China’s Economy Could Be Derailed By Its Growing Number Of Grey Hairs
Across the world, young women are putting off marriage and childbirth due to cost of living pressures. The phenomenon, however, is relatively more acute in China where the population shrank by 850,000 last year, representing the first decline in more than 50 years.
Cici’s story is not unique. The 27-year-old doesn’t want to have a baby until she is at least 35. While her mother is putting pressure on her to “have a stable life”, the millennial’s busy job at a company in Beijing is hardly leaving her with enough time to think about starting a family.
About 14% of China’s population is now over 65. The deepening demographic crisis is set to introduce a series of serious problems to the country’s economy. In fact, a number of economists fear China will get old before it gets rich.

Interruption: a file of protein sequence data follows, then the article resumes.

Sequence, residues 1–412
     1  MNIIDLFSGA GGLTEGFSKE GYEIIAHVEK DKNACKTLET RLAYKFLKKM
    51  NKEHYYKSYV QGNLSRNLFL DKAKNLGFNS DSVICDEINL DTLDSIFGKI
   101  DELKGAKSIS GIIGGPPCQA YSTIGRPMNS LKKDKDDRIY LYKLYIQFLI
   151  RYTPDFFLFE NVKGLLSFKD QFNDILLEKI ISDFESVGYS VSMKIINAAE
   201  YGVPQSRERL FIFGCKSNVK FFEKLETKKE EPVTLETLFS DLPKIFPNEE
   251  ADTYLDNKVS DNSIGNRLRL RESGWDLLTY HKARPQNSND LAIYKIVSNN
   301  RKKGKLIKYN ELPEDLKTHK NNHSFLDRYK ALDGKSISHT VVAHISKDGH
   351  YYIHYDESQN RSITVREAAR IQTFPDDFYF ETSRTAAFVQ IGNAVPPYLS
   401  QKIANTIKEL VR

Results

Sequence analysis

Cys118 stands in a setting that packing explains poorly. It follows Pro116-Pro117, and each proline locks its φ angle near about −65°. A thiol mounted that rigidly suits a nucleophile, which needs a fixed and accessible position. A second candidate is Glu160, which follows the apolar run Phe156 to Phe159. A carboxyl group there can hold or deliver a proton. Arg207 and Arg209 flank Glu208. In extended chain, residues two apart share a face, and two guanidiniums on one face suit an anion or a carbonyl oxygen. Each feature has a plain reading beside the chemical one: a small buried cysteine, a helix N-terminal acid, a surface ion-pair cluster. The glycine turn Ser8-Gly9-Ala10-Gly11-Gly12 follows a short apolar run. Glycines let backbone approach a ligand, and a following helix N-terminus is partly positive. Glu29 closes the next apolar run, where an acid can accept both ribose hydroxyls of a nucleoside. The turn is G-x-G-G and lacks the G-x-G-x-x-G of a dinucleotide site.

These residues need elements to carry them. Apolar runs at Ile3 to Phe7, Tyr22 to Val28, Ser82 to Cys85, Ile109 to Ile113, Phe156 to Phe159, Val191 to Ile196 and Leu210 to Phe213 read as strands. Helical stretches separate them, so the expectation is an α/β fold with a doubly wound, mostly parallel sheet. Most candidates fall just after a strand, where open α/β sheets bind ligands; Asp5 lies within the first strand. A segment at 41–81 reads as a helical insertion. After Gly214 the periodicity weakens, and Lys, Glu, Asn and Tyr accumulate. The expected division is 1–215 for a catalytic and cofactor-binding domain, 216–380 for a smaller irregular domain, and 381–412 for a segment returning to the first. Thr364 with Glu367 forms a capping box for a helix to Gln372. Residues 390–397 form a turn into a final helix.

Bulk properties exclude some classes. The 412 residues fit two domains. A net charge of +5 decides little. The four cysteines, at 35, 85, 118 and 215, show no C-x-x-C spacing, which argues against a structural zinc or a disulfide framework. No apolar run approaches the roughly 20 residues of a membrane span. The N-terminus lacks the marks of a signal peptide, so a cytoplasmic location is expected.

According to the World Bank, a high-income country is one where the gross national income per person is more than $13,845. Although China has witnessed a substantial growth in income per person in the 21st century, the figure had only reached $12,850 in 2022.
Beijing’s Seemingly Ineffective Attempts At Reversing Demographic Trend
The Chinese government is well aware of the crisis. In 2016, it abandoned the one child policy, replacing it with what is now a three child limit. Some provinces have abandoned restrictions on family-sizes altogether, among a raft of measures to encourage women to have more babies.
There are now discounts on IVF and cash subsidies for second and third babies, with newlyweds allowed up to 30 days of paid holiday. However, these incentives have made little difference as authorities fail to address the real reasons behind women delaying marriages.
Cici says she wants to reach “career stability” before starting a family. Her and her boyfriend need to save up to $270,000 to purchase a property in Beijing. As long as young people feel like the sums don’t add up on having children, China’s workforce will continue to shrink.
Suggestions about raising the retirement age have prompted public outcry. While men can retire at 60, for women it is 55, or 50 for blue collar workers. This year state media said Beijing was working on plans to raise the age, without specifying when this would happen.